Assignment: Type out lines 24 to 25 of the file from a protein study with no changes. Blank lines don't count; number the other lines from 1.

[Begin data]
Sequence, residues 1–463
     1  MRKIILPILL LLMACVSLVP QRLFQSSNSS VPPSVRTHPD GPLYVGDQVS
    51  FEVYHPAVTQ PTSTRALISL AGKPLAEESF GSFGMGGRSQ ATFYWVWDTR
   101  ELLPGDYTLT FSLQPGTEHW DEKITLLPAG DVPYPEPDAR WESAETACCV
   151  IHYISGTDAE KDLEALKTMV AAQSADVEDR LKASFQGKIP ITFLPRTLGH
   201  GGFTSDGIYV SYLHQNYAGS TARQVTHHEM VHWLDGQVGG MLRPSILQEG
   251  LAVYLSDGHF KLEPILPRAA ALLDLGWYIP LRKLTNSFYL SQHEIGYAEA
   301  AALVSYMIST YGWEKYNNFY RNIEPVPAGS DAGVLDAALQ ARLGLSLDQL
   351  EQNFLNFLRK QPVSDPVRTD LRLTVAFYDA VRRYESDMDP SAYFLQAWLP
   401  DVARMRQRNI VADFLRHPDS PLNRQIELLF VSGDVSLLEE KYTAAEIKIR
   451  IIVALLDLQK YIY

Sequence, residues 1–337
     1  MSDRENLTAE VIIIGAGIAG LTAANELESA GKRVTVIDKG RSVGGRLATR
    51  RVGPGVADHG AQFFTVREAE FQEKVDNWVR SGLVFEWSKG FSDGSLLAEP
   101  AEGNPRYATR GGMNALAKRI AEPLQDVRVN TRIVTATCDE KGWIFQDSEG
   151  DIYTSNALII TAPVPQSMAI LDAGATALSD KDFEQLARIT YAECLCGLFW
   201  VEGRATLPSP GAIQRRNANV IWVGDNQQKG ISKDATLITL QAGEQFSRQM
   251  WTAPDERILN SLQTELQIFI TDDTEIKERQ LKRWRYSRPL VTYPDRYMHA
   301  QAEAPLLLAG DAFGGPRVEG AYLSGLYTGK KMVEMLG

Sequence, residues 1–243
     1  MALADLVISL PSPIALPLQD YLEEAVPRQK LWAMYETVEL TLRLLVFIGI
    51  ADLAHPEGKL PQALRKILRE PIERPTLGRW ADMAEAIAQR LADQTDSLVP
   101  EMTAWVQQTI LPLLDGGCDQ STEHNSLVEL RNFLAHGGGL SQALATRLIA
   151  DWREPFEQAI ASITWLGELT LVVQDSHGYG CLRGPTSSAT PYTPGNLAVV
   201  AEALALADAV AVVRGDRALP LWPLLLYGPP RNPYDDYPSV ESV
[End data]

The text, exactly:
   151  DWREPFEQAI ASITWLGELT LVVQDSHGYG CLRGPTSSAT PYTPGNLAVV
   201  AEALALADAV AVVRGDRALP LWPLLLYGPP RNPYDDYPSV ESV